How We Can Solve the Student Loan Debt Crisis

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In the United States, it costs far more to educate a college student than in countries such as Great Britain, France,

Germany, and Japan.1 The Federal Reserve Bank of New York revealed student loan debt ($1.19 trillion) surpasses auto loan debt ($968 billion) and credit card debt ($684 billion) in its May 2015 quarterly report on household debt and credit. If car prices had risen as fast as college tuition prices over the past three decades, the average cost of a new car would be more than $80,000.2 The average 2015 college graduate owes more than $35,000 in student loans and takes about 17 years to pay it off.

As a recent graduate of a Florida university, I’m particularly interested in this issue and recently spoke with Dr. Robert Kelchen, assistant professor of higher education at Seton Hall University.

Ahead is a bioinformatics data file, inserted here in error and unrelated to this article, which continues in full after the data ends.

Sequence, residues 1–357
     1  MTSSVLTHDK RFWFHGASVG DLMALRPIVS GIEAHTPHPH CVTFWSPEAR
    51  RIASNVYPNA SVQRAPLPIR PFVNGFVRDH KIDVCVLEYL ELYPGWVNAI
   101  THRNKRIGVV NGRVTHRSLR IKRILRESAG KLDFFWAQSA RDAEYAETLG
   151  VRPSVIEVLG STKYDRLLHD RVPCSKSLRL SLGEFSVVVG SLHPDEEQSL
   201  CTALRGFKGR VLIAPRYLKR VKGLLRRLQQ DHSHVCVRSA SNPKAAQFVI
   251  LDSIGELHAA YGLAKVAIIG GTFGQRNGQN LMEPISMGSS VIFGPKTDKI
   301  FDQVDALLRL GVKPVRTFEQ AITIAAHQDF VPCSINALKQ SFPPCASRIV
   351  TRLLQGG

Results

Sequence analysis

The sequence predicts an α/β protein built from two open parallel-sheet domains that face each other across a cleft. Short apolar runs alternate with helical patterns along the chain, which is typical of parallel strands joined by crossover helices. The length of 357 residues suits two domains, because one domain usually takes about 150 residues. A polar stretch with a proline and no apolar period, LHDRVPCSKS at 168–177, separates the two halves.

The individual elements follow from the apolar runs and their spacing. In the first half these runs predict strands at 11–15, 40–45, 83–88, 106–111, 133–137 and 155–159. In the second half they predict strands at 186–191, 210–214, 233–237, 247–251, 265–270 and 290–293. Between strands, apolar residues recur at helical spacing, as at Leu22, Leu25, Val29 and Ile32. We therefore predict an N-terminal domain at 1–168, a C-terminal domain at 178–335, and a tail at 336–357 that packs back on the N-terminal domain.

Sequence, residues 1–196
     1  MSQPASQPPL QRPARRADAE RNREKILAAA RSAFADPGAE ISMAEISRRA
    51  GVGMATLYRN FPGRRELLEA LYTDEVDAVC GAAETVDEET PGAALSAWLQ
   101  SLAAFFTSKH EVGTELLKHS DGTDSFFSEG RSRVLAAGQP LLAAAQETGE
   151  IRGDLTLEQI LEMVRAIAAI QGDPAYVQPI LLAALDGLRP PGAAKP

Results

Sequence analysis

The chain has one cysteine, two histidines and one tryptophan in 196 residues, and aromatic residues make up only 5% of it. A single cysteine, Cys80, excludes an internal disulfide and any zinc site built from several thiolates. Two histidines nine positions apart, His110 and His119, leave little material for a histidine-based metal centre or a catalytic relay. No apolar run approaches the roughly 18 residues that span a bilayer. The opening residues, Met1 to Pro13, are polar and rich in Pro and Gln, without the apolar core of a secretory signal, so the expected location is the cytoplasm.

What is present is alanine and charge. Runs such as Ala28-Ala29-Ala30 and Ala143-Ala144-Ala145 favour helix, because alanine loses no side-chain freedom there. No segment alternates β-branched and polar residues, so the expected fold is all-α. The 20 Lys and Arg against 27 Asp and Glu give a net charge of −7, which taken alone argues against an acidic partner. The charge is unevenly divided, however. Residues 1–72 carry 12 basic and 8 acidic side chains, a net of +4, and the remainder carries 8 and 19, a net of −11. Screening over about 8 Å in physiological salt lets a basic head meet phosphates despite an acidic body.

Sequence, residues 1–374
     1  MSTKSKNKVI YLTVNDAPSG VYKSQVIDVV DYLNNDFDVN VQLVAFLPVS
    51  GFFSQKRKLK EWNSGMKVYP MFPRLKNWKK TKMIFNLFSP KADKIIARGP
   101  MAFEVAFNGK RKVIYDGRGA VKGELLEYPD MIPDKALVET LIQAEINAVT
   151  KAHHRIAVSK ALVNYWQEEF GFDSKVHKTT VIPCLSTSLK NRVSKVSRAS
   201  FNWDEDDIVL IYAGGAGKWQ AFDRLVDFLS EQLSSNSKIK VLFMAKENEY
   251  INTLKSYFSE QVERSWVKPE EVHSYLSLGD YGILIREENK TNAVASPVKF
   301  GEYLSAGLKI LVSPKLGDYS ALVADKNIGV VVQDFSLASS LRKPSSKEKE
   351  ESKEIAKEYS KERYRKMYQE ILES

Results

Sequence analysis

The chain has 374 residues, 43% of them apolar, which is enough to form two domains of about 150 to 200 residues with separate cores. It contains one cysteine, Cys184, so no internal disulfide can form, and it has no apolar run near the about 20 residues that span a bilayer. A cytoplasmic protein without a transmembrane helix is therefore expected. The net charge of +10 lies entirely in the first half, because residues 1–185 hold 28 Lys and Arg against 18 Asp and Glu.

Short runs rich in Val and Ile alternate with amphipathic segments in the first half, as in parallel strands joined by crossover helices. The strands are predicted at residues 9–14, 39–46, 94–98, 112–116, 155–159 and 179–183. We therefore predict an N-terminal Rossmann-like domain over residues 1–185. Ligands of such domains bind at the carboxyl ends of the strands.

“Our main focus should be on the people for whom student debt is actually a very big issue,” said Dr. Kelchen. “Student loan debt mostly affects the students who have fairly small loans and left college with debt, such as from a community college or public university, and are struggling in a low-paying job, or who left college with debt and no degree.”

Currently, millennials make up about 40 percent of unemployed Americans. In relation to individuals in this age group a decade ago, when compared to the nation’s median income, millennials are now earning less.4 This has posed a frustrating challenge that has, in large part, forced many millennials to delay life decisions such as marriage, home buying, and starting a family. Higher college tuition and student loan debt make social mobility and financial security even more cumbersome for our young graduates.

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